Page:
3. 3. Totland Ø, Nyeko P, Bjerknes AL, Hegland SJ, Nielsen A. Does forest gap size affects population size, plant size, reproductive success and pollinator visitation in Lantana camara, a tropical invasive shrub? For Ecol Manage. 2005;215: 329–338.
  4. 4. Rai P. Plant Invasion Ecology: Impacts and Sustainable Management. New York, USA: Nova Science Publisher; 2013.
  5. 5. Richardson DM, Pyšek P. Plant invasions: merging the concepts of species invasiveness and community invasibility. Prog Phys Geogr. 2006;30: 409–431.
  6. 6. Rai PK. What makes the plant invasion possible? Paradigm of invasion mechanisms, theories and attributes. Environ Skept Critics. 2015;4: 36–66. http://dx.doi.org/10.0000/issn-2224-4263-environsc-2015-v4-0003
  7. 7. Thompson K. Where Do Camels Belong?: The story and science of invasive species. London: Profile Books Ltd.; 2014.
  8. 8. Pyšek P, Lambdon PW, Arianoutsou M, Kühn I, Pino J, Winter M. Alien vascular plants in Europe. In: DAISIE, editor. Handbook of Alien Species in Europe. Dordrecht: Springer; 2009. pp. 43–61. https://doi.org/10.1007/978-1-4020-8280-1_4
  9. 9. Tokarska-Guzik B, Dajdok Z, Zając M, Zając A, Urbisz A, Danielewicz W, et al. Rośliny obcego pochodzenia w Polsce ze szczególnym uwzględnieniem gatunków inwazyjnych.—Alien plants in Poland with particular reference to invasive species. [Internet]. Warszawa: Generalna Dyrekcja Ochrony Środowiska; 2012. Available: http://www.gdos.gov.pl/files/artykuly/5050/invasive_plants_poland.pdf
  10. 10. Moroń D, Lenda M, Skórka P, Szentgyörgyi H, Settele J, Woyciechowski M. Wild pollinator communities are negatively affected by invasion of alien goldenrods in grassland landscapes. Biol Conserv. 2009;142: 1322–1332.
  11. 11. Skórka P, Lenda M, Tryjanowski P. Invasive alien goldenrods negatively affect grassland bird communities in Eastern Europe. Biol Conserv. 2010;143: 856–861.
  12. 12. Nobis M, Nobis A, Kozak M. Taxonomy and distribution of Macrosciadium alatum (Bieb.) V. Tichomirov & Lavrova (Apiaceae): A new alien species in the flora of Europe. Acta Soc Bot Pol. 2009;78: 131–136.
  13. 13. Proćków J, Jarzembowski P, Wilusz E, Faltyn A, Jakubska-Busse A. The westernmost locality of Macrosciadium alatum (Apiaceae) in Europe and a new diagnostic feature of the species. Arch Biol Sci. 2014;66: 1135–1140.
  14. 14. Davis PH. Flora of Turkey and the East Aegean Islands. Vol. 4. Edinburgh, UK.: Edinburgh University Press; 1972.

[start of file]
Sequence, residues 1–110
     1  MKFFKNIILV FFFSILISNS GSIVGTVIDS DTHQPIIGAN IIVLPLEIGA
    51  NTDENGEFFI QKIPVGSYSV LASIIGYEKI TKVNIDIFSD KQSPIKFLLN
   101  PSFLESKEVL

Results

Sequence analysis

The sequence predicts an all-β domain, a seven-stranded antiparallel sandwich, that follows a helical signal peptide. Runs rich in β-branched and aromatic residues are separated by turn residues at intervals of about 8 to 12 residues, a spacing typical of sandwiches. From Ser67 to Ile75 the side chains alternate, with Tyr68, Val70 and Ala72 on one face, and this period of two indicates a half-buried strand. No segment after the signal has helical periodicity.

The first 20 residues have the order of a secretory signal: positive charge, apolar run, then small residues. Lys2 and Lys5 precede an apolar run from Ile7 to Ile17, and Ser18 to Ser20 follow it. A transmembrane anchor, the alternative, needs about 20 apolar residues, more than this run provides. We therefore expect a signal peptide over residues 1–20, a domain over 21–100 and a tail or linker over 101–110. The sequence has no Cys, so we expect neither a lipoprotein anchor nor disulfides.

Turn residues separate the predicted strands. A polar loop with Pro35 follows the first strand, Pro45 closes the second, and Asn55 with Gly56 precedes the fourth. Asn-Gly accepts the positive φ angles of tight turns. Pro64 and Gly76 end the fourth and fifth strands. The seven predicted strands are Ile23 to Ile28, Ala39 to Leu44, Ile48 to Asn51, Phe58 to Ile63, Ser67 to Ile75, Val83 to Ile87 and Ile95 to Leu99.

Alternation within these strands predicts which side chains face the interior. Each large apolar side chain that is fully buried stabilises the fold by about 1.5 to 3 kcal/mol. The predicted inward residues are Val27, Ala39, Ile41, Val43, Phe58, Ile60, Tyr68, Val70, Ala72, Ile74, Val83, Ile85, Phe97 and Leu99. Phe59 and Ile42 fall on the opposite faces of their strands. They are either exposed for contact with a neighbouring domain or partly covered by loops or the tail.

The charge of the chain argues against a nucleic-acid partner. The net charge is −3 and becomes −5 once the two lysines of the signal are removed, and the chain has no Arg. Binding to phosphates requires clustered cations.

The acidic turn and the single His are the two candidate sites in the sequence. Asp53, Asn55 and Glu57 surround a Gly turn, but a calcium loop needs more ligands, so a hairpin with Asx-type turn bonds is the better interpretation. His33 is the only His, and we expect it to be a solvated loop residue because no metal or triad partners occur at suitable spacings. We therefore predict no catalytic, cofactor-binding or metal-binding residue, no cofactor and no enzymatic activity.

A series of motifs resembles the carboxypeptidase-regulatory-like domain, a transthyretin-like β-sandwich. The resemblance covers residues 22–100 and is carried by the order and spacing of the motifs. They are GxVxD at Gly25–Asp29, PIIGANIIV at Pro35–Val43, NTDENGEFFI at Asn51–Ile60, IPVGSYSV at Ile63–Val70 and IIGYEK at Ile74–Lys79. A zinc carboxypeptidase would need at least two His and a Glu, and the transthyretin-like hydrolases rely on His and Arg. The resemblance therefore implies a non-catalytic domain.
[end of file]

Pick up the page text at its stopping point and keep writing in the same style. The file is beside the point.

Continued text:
15. 15. Hijmans RJ, Schreuder M, De La Cruz J, Guarino L. Using GIS to check co-ordinates of genebank accessions. Genet Resour Crop Evol. 1999;46: 291–296.
  16. 16. Hijmans RJ, Cameron SE, Parra JL, Jones PG, Jarvis A. Very high resolution interpolated climate surfaces for global land areas. Int J Climatol. 2005;25: 1965–1978.
  17. 17. Barve N, Barve V, Jimenez-Valverde A, Lira-Noriega A, Maher SP, Peterson AT, et al. The crucial role of the accessible area in ecological niche modeling and species distribution modeling. Ecol Modell. 2011;222: 1810–1819.
  18. 18. Soberón J, Peterson TA. Interpretation of Models of Fundamental Ecological Niches and Species’ Distributional Areas. Biodivers Informatics. 2005;2: 1–10.
  19. 19. Olson DM, Dinerstein E, Wikramanayake ED, Burgess ND, Powell GVN, Underwood EC, et al. Terrestrial Ecoregions of the World: A New Map of Life on Earth. Bioscience. 2001;51: 933.
  20. 20. Jueterbock A. MaxentVariableSelection: Selecting the Best Set of Relevant Environmental Variables along with the Optimal Regularization Multiplier for Maxent Niche Modeling. R package version 1.0–0. [Internet]. 2015. Available: https://cran.r-project.org/package=MaxentVariableSelection
  21. 21. Warren DL, Wright AN, Seifert SN, Shaffer HB. Incorporating model complexity and spatial sampling bias into ecological niche models of climate change risks faced by 90 California vertebrate species of concern. Divers Distrib. 2014;20: 334–343.
  22. 22. Hengl T, de Jesus JM, MacMillan RA, Batjes NH, Heuvelink GBM, Ribeiro E, et al. SoilGrids1km—Global Soil Information Based on Automated Mapping. PLoS One. 2014;9: e105992. pmid:25171179